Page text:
Astronomers say they have evidence of a ninth planet in our solar system. Here's what they say they know about it. (Joel Achenbach,Gillian Brockell/The Washington Post)

If all goes according to wild conjecture, planet Earth and the planet Nibiru are set to collide in the autumn, twin cosmic shooters in a game of apocalyptic marbles. Nibiru is playing for keeps, bringing sinkholes, fire storms and the general annihilation of life as we know it. As with many conspiracy theories, though, this one has a fatal factual flaw. The closest thing Nibiru has had to an existence was a cameo in a 2013 Star Trek film. There is not, in reality, a planet called Nibiru boldly zooming through our solar frontier.

The fictitious shadow planet, according to Nibiru believers, is flung from the outskirts of the solar system dangerously close to Earth every 3,600 years. And, like its mysterious elliptical orbit, the heavenly body has a way of circling back in vogue. The most recent incarnation of Nibiru, as British tabloids and AOL News noted at the beginning of January, pencils in the apocalypse for October 2017.

The Plymouth Herald pointed to David Meade, author of the book “Planet X — The 2017 Arrival,” as the source of the current stir. Devastation, Meade crowed, will come in the form of Nibiru and several other tough-to-detect planets, which circle a brown dwarf called Nemesis. The planets, traversing large oval paths, remain hidden in far-off space — until they close in on Earth. And as roomy as those $25,000-a-pop doomsday bunkers in South Dakota may be, concrete and steel walls would offer little solace in the face of total planetary vaporization.

If the name Nibiru rings a bell, perhaps it flickered across your path as one of the many possible eschatons of 2012, tied to bogus Mayan end-of-the-world prophecies. As a concept, though, Nibiru predates both the 2012 hubbub and Meade’s doomsday scenario. Zecharia Sitchin, a former journalist and shipping industry executive, proposed the idea of Nibiru in his 1976 book “The Twelfth Planet: Book I of the Earth Chronicles.” (The other six chronicles include titles like “The Stairway to Heaven” and “The End of Days,” in which Sitchin wondered if the biblical cities of Sodom and Gomorrah were destroyed via nuclear bomb.)

Sitchin fancied himself an expert in the ancient Sumerian language. He determined that pre-cuneiform Sumerian documents included references to a planet called Nibiru. (Never mind that the term Nibiru was an object in Babylonian, not Sumerian, astronomy.)

From his translations sprang a plot out of a second-rate L. Ron Hubbard novel: On Nibiru lived aliens similar in stature to humans, except half again as tall. About half a million years ago, the rangy population of Nibiru decided to mine gold in Africa, landing a group of ancient astronauts on Earth. Here, the Nibiru astronauts genetically altered the native Earthlings — that is, the ancestors of you and me — into an exploitable working class.

“This is in the texts; I’m not making it up,” Sitchin told the New York Times in 2010, a few months before his death at age 90. “They wanted to create primitive workers from the Homo erectus and give him the genes to allow him to think and use tools.” Sitchin was opposed to the idea that Nibiru would come close to Earth in 2012. That would happen 1,000 years later, he said.

The concept mutated toward doomsday in 1995, when a self-avowed alien contactee and psychic Nancy Lieder warned about a collision with Nibiru on her site ZetaTalk. As outlandish as the prospect might seem, the concept took hold. In the estimation of NASA astrophysicist David Morrison, there are some 2 million websites devoted to what happens when Nibiru meets Earth.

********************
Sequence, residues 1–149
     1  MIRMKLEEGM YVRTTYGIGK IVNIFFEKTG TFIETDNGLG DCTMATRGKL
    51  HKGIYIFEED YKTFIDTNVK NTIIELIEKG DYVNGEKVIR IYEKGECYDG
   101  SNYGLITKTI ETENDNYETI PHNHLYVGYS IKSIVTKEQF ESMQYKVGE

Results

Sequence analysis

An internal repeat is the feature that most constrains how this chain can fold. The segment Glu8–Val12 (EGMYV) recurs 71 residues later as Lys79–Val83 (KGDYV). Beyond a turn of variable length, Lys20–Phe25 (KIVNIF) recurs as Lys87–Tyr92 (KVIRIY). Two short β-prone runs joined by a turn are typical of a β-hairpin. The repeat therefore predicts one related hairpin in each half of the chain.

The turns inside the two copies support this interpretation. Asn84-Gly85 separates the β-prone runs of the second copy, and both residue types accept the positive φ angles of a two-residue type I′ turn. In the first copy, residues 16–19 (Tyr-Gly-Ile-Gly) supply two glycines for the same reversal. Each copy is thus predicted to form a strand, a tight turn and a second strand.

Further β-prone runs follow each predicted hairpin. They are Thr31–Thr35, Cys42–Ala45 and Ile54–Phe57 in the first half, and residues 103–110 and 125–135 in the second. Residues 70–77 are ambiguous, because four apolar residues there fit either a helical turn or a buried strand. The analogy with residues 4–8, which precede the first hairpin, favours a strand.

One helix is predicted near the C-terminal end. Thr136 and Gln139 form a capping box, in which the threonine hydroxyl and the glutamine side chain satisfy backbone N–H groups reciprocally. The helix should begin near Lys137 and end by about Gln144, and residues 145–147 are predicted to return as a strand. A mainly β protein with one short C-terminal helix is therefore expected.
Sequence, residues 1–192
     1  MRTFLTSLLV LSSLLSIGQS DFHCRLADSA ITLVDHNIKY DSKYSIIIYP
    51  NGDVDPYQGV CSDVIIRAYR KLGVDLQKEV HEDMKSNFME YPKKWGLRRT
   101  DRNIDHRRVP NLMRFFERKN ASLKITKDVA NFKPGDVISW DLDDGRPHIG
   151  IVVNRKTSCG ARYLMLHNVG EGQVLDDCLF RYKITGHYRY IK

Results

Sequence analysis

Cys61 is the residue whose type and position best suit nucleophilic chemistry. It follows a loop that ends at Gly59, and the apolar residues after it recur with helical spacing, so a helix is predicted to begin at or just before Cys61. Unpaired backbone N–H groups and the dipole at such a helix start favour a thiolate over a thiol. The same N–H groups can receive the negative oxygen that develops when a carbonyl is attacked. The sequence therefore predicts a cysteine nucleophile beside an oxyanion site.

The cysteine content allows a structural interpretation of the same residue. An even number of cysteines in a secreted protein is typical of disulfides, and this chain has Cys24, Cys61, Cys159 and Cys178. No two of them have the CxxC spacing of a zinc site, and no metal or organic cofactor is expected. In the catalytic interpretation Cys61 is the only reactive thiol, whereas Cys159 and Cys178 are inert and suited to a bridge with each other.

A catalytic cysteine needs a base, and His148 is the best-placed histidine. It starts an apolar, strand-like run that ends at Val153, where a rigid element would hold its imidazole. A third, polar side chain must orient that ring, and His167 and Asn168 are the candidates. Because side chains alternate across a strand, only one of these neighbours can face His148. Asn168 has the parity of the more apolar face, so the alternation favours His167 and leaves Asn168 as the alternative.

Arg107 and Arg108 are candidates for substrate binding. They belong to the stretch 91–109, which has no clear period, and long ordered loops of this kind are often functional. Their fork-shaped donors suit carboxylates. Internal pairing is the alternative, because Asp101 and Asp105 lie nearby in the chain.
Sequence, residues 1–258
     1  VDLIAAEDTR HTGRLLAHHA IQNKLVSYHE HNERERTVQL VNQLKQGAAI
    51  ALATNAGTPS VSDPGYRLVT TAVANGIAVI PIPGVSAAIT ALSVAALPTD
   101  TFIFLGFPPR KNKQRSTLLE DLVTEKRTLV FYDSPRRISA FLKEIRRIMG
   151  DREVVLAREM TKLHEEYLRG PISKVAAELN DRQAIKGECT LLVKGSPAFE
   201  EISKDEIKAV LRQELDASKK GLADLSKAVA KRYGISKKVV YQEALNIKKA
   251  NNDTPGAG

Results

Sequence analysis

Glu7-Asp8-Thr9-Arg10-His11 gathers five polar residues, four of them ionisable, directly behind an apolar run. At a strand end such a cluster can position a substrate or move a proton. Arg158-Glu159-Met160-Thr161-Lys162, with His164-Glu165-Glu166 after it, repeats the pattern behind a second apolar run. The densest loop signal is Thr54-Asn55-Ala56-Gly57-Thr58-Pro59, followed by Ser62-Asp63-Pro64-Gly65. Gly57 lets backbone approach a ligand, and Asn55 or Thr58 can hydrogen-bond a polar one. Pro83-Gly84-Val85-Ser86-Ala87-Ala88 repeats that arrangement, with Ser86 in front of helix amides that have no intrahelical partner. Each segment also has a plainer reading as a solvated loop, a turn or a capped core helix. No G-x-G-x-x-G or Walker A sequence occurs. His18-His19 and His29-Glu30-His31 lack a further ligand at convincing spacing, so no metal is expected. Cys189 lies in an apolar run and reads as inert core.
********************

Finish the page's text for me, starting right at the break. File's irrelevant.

If Nibiru had an anti-prophet, Morrison might very well fit the bill. Morrison has become something of an expert Nibiru debunker; it was a skill built up out of exposure. Morrison said in a July 2011 interview he was fielding five email queries to NASA about Nibiru daily.

Morrison elaborated on the subject in a 2011 video: There are no pictures or astronomical observations of Nibiru — but a planet nine months away from crashing into the Earth, cruising within the inner solar system, would be visible to the naked eye. (At a 2009 conference in California, Morrison pointed out, “No one could hide Nibiru if it existed.”) What’s more, an elliptical orbit that passed by every 3,600 years would alter the paths of Mars and Earth.

That Earth has a moon is a damning mark against Nibiru, too. The gravitational pull of a rogue planet “probably would have stripped the moon away completely,” the astrophysicist said. As for a hidden brown dwarf star like Nemesis, its effects would be even more dramatic.

More plausible, but not at all a harbinger of end times, is a possible Planet X. (The name Planet X denotes a suspected planet; before astronomer Clyde W. Tombaugh confirmed the existence of Pluto in 1930, the dwarf planet was referred to as Planet X.) In January 2016, researchers at the California Institute of Technology published a paper in Astronomical Journal, hypothesizing the existence of a “massive perturber” that altered the orbits of rocky bodies and dwarf planets on the fringes of our solar system.

Were a Planet Nine to exist — and its existence remains, at this point, speculation — the closest it would come to the sun would be 200 astronomical units; 1 astronomical unit is equal to the distance from the center of the earth to the center of the sun. Neptune, the farthest planet from the sun, sits at a distant and not-at-all apocalyptic 30 AU.

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